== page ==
Hair Types: 3A, 3B, 3C

Hair Types: 3A, 3B, 3C

Genetics may predetermine your hair's texture, but the products you use can help tame any mane, including curly hair types 3A, 3B, 3C. While it may not come with an official manual, your curly hair does come with hair care tips, and tricks passed down from one generation of curly-haired women to the next.

It's vital to know your hair type to create the healthiest natural style and care routine.

What is Type 3 Hair?

You can identify your hair type by its follicles, curl pattern, and thickness. The more oval the hair follicles are, the wavier the locks will be. The more rounded the follicles are, the straighter the hair strands will be. Wet hair is more telling than dry hair when distinguishing your curl pattern.

There are four hair types, and each has its subset of classes (a,b,c):

  • Type 1: Straight
  • Type 2: Wavy
  • Type 3: Curly
  • Type 4: Coily

Type 3 hair can range from light to tight curls. And it has different texture combinations that differentiate it from hair Type 2s.

A common challenge among hair Type 3s is keeping your locks hydrated and moisturized. The twist and turns of the hair strands make it challenging for your scalp's natural oils to make their way from the root to the end.

Differences in Hair Types 3A, 3B, 3C

If you have Type 3 curls, you likely have a more springy definition (resembling an "S" shape) with more height and volume at your roots. There are three sub-hair types 3A, 3B, 3C, which have varying texture combinations and care requirements.

Characteristics of Hair Type 3A

If you have big, loose curls that spiral and resemble thick sidewalk chalk, you likely have hair Type 3A.

These curly Qs are shiny, well-defined, and are easiest to manage in moist conditions. But there's a big chance that frizz is a part of your daily hair battle when your hair is subject to dry conditions.

Characteristics of Hair Type 3B

If your curls have a bit of spring with Sharpie marker-sized ringlets, you likely have hair Type 3B. These corkscrew curls have a coarse, dense texture and are simply voluminous. But they can shrink because they are so well-defined and tight.

Characteristics of Hair Type 3C

Hair Type 3C has a more tightly coiled curl, about a pencil or straw's circumference. It's subject to the most shrinkage. This hair type is full of curls, texture, and volume. But it's often accompanied by frizz. You can learn to easily manage your curly hair with the right products and care routine.


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How to Care for Hair Types 3A, 3B, 3C

There is more to a healthy hair care routine than wash, condition, rinse, and repeat. Everyone's hair is unique and evolves.

Once you identify your hair type, you can develop and implement your locks' best hair care routine. Below are a few suggestions for hair Types 3A, 3B, and 3C.

3A Hair Care Tips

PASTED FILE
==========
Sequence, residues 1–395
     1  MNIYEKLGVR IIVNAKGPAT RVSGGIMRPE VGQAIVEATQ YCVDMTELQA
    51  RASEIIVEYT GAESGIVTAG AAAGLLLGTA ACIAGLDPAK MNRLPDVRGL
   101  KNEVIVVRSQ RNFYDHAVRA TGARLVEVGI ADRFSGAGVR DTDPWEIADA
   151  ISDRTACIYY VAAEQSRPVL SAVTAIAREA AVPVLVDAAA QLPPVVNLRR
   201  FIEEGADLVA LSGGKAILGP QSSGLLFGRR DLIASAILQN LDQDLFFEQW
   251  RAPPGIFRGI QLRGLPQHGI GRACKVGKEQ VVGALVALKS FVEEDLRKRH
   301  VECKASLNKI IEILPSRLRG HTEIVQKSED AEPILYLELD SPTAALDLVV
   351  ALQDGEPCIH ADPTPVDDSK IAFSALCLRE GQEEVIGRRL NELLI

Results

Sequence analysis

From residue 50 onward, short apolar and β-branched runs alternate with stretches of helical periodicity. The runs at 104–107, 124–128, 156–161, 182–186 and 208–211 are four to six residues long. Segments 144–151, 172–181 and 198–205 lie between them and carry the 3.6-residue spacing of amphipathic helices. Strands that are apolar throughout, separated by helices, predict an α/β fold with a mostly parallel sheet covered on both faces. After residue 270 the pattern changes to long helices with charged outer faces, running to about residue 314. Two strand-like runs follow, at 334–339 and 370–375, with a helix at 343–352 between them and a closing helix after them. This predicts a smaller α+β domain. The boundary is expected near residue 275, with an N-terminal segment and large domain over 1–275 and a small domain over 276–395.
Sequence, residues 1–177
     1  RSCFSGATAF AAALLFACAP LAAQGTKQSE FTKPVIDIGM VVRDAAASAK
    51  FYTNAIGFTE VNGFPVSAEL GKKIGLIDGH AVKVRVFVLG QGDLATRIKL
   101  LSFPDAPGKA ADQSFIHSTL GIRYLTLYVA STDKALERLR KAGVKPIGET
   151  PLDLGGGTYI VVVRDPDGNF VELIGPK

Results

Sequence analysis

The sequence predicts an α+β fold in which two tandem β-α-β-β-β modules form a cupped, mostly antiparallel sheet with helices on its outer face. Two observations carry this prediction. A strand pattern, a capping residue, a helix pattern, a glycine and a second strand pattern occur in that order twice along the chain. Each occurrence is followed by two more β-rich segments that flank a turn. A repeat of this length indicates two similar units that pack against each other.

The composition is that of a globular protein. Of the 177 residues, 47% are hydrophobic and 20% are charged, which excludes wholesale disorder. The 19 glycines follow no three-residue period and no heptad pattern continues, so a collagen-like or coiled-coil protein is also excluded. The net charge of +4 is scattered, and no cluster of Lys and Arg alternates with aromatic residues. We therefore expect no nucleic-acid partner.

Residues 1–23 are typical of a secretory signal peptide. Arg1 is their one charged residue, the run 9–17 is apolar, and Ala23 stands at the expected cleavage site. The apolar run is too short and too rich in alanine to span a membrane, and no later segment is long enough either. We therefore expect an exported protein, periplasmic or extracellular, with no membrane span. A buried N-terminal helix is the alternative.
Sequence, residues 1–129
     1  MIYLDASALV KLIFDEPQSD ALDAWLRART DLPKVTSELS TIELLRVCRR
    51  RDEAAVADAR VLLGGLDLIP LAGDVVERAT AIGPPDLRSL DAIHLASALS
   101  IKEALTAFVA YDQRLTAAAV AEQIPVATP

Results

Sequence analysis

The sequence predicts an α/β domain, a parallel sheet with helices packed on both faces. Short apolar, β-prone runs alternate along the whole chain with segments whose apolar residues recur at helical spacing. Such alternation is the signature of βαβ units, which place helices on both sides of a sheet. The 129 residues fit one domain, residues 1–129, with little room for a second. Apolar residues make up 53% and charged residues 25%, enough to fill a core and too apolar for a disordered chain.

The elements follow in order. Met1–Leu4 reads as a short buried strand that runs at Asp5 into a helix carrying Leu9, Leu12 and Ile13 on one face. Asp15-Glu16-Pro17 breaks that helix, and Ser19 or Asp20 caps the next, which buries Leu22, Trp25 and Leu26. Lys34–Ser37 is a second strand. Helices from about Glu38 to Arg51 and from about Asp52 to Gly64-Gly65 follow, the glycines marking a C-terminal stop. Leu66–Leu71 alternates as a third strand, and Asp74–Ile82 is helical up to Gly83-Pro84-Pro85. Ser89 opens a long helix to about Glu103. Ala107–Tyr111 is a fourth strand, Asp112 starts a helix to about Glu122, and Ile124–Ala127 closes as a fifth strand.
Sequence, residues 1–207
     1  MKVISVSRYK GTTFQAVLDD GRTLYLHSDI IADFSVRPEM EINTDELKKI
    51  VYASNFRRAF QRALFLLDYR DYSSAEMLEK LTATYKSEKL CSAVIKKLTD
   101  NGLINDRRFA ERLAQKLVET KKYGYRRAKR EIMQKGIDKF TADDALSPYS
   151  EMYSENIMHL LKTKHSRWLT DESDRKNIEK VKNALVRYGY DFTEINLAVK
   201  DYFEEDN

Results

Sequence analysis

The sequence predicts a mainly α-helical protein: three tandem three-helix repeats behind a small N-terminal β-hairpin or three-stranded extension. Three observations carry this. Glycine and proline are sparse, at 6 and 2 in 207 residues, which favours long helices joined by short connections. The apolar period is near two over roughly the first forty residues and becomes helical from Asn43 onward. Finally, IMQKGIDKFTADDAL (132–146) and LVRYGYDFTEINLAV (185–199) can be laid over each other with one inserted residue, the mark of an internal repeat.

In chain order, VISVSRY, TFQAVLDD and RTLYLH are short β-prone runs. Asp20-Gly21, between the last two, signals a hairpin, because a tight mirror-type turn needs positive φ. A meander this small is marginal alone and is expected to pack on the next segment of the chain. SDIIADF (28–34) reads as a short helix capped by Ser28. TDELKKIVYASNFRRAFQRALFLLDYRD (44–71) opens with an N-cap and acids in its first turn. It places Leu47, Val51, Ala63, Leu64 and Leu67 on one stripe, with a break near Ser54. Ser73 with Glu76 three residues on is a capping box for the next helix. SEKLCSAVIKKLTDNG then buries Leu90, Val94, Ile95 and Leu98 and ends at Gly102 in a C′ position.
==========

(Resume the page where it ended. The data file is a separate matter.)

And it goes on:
Incorporate a frizz control moisturizer into your hair care routine because hair Type 3A can get frizzy when it lacks moisture. But try to avoid bogging down your sumptuous curls by using lighter oil- or water-based products. Steer clear of heavy alternatives such as shea butter or alcohol ingredients.

Get more definition in your curls by twirling small sections of them around your finger while your locks are still damp.

3B Hair Care Tips

Though humidity may bring plenty of moisture to the air, it can also give curls more frizz rather than definition.

Hair Type 3B is typically more dense and dry than 3A. Regular moisture and maintenance are essential to keeping these curly locks happy, healthy, and in excellent condition to wear longer natural hairstyles. It all boils down to your hair product ingredients. Avoid products that contain parabens and sulfates.

For less frizz and more definition, use a hydrating styling product that is anti-humectant, like styling milk.

3C Hair Care Tips

With the proper moisturization and leave-in conditioners, you could be saying bye-bye to frizzy locks.

Sulfate-free shampoo is best for nearly every hair type. We highly recommend it for hair Type 3C. You may even want to adopt a co-washing routine with these luscious locks to keep them properly hydrated and healthy.

Avoid heating tools and stretch and enhance these curly Qs with a Flexi-rod set, twist-out, or Bantu-knot out to style this hair type safely.

Why You Should Avoid Damaging Sulfates

The foundation of any healthy hair care routine is the products you use. Sulfates have their place and are a sudsy cleaning agent. But they can be bad news for hair care.

These chemical agents strip your hair clean, including its natural oils and hydration. They cause dryness, breakage, and scalp irritation. The most common sulfates you will see on shampoo bottles are:

  • Ammonia Laureth Sulfate
  • Sodium Laureth Sulfate
  • Sodium Lauryl Sulfate

For curly hair to thrive, bounce, and shine, it needs moisture. So sulfates are bad news for your hair care routine.

Become a Vida Babe

Are you looking for the right sulfate-free shampoo? You have come to the right place! Vida Bars creator, Ana, is a curly girl herself. Her mission to find products free of harsh chemicals while positively impacting the world led her to create an option that empowers her to love herself and the planet. You, too, can become a Vida Babe and shop our sulfate and harsh chemical-free solutions to keep your locks healthy and happy.

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